Fast and the Furious: A Post-FF8 Buyer’s Guide

all representations of dollar signs are purely a joke and should not appear in your eyes (image derived from image created by Wikipedia’s own Rayukk)

The Fate of the Furious, the 8th Fast and the Furious movie, is now out, and everyone is talking about the same thing: what bets should we make on various key elements of the FF franchise? Will we see more about family in FF9 than in FF8, or less? And what about street car booty lady parties?

Why Bill?

I’m not going to lie: I’m a newcomer to this franchise. You can find more established authorities than me. But I bring a fresh eye and a programmer’s analytical intuitions. Plus, I’m going on my gut with these, which means you get the fastest take possible — and time means money. Even in this crowded market, I feel these reasons are enough to make me worth taking a chance on.

Of course, you shouldn’t even be reading this advice if you haven’t already seen the movie yourself. Make sure and do so before continuing — have your own opinion about these things before reading mine. Also: spoilers.

Okay, enough of the sales pitch. Let’s get down to business.


Compared to early films in the series, FF8 was light on NOS. But for a modern FF flick, it was a heavy hitter: Cuban NOS won Dom a critical street race, and the team repeatedly used NOS in the final Siberian chase scene. I’m predicting that FF9 will pull back on this tool.


Believe it or not, there are zero Coronas in this movie — even at the final barbecue. You can only go up from here folks, so the question is only this: how long do you want to go? Expect the number of Coronas to settle to around one to five per movie as this flavorless lager becomes more of a symbolic bonding tool between Dominic and various non-Brians.


This is a tough call. Booty lady car parties are one of the blue chips of the Fast and Furious franchise. One wonders if street racing itself might fall off the map if it weren’t for how well they setup long shots of short skirted women’s rear ends.

I feel like I’m on the fence by calling “hold” here, but I think it’s the right call. The plotting requirements of the heavyweight modern FF movies make it easy to squeeze these scenes out, but the fan service expectations make it just as easy to squeeze more in. Better sit tight on this one.


Fate of the Furious opens with a completely insane, logic-defying, plot-significant race on the streets of Havana. This is an outlier for post Fast Five entries in the series. Expect FF9 to return to the more typical throwaway third act drag race.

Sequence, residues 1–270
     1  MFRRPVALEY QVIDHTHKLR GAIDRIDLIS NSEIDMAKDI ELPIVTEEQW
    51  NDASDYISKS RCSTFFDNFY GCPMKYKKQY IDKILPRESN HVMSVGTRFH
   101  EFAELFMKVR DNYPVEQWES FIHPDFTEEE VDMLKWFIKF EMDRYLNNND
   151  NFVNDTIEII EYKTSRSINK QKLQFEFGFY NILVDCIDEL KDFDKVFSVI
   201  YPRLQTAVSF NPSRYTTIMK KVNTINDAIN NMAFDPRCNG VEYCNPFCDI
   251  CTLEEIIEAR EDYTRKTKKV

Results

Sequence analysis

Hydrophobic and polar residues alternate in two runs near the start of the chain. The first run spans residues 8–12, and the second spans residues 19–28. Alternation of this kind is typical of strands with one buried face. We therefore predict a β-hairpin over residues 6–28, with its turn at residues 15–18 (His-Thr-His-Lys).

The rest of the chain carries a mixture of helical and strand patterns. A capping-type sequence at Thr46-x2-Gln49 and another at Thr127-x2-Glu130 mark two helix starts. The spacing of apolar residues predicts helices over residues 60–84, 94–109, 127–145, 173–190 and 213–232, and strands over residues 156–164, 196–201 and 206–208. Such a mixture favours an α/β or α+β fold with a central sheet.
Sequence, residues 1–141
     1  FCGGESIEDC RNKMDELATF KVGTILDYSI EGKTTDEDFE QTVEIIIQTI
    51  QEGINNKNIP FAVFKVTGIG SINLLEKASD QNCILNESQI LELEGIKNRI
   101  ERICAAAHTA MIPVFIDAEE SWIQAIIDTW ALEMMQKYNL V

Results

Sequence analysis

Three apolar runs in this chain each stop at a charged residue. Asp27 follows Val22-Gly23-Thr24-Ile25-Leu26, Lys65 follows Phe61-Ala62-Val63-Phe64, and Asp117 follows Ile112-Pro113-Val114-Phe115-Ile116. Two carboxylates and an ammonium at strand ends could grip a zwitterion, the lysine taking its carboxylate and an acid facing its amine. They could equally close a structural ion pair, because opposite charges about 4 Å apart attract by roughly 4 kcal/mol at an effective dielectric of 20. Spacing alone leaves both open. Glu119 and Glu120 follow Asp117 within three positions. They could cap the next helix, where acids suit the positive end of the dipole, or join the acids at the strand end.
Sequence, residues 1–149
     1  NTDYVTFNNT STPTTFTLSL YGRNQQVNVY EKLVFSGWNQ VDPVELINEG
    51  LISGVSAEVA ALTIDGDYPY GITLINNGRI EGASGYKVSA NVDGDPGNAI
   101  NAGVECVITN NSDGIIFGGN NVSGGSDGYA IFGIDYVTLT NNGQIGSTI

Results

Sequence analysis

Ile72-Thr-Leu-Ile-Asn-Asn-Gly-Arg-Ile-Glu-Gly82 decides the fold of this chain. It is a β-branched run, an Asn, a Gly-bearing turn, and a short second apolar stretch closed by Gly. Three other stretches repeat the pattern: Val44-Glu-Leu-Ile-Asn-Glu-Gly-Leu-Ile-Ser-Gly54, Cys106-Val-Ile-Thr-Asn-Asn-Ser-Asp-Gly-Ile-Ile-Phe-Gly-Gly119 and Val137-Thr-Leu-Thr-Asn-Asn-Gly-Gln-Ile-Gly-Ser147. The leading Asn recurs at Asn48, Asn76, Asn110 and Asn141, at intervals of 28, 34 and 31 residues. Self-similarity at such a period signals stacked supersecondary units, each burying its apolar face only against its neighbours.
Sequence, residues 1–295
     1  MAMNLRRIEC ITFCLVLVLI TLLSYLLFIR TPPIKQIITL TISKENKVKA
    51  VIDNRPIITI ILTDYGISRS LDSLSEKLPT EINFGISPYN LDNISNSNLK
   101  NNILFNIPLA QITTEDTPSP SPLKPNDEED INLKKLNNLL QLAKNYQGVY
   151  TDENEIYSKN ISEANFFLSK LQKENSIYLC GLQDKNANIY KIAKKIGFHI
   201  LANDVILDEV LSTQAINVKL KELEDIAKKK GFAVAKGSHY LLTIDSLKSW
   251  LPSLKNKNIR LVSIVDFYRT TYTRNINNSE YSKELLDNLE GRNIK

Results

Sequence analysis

In many ways, FF8 is “Fate of the Familiest” — Turetto’s adopted family is pit against his blood family. That’s a whole lot of family going on.

I think that we’ll continue to see a lot of family, though. Even though Dominic himself turned on his friends, FF8 didn’t see the family unit itself stressed in any significant way. With the inclusion of the Shaw brothers and rumored cast tension with Dwayne Johnson, though, the unit itself may be stretched to the breaking point.


Call me a skeptic on the “cast tension” story. The man was a professional wrestler, after all, and this movie was all about tension between the crew and Dominic. Perhaps he was just helping hype the movie. Time will be the ultimate proof on this one, though.


Just like in Fast Five, Fate of the Furious saw a car inexplicably sprout a manned chain gun from its moonroof. These chain gun turrets are, to me, a real cherry on top of the ridiculous FF car chase sundae when they show up. Say that I’ve gone soft if you like, but I expect we’ll see this again.


Han is dead in this movie, of course. One could argue that, like Coronas, one can only go long on Han. But one could also argue that, what with Han being dead, it’s safest to hold — Han’s not coming back, and it’s in the franchise’s interest to slowly forget that he ever existed.

FF8 makes a strong case for that latter position. Much like Dominic seemed to betray his team, the writers of FF8 seemed to betray our memory of Han by bringing Han’s murderers into the fold as family, even allowing Deckard to participate in the final barbecue and prayer.

Much like how Letty must have faith in Dominic even as he thwarts them at every turn, so we must have faith in the custodians of the FF mythos: Han was family, and will not be forgotten. Plus, Sean’s still out there, and it’s not like he’ll forget, right?


I could be wrong here. But seriously: can there possibly be any more computer insanity than in this movie?


I’ve come to believe that this is one of the blue chip FF series elements, right up there with booty lady car parties and NOS. Driving in reverse gear at full speed is here to stay, folks — you can’t have e-brake reverse stunts and maintain the frame of reference without them.

But that first street race scene sees Dominic win by running the last quarter mile or so completely in reverse with the car on fire. I think that may set the high water mark for the series.


It’s unclear how they’ll bring the O’Conner family into the picture while keeping Brian himself retired, but here’s hoping they pull Brian’s son Jack into the picture. It’s unlikely (kids are notoriously difficult to make work on screen), but it seems undignified to let the O’Conner clan languish on the sidelines after Paul Walker’s death.


It’s not Rio or London, but they keep shooting parts of these flicks here. Yet no scenes in the actual movie are ever in Atlanta. And Luda’s from here. Why not bring the family to Atlanta for a change? Perhaps they can mix it up with some of our ATV street gangs.